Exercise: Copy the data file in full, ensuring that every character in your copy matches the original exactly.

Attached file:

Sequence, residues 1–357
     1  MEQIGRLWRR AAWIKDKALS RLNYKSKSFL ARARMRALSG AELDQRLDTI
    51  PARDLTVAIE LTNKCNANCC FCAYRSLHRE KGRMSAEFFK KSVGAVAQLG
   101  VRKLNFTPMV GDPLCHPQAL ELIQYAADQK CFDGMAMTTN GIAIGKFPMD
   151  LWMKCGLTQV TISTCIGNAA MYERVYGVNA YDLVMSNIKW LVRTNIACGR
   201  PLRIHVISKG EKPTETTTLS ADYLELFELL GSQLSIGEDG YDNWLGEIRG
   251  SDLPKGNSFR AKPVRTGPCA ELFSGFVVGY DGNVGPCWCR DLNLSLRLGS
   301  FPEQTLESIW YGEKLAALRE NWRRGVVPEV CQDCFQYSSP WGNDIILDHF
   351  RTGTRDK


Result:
Sequence, residues 1–357
     1  MEQIGRLWRR AAWIKDKALS RLNYKSKSFL ARARMRALSG AELDQRLDTI
    51  PARDLTVAIE LTNKCNANCC FCAYRSLHRE KGRMSAEFFK KSVGAVAQLG
   101  VRKLNFTPMV GDPLCHPQAL ELIQYAADQK CFDGMAMTTN GIAIGKFPMD
   151  LWMKCGLTQV TISTCIGNAA MYERVYGVNA YDLVMSNIKW LVRTNIACGR
   201  PLRIHVISKG EKPTETTTLS ADYLELFELL GSQLSIGEDG YDNWLGEIRG
   251  SDLPKGNSFR AKPVRTGPCA ELFSGFVVGY DGNVGPCWCR DLNLSLRLGS
   301  FPEQTLESIW YGEKLAALRE NWRRGVVPEV CQDCFQYSSP WGNDIILDHF
   351  RTGTRDK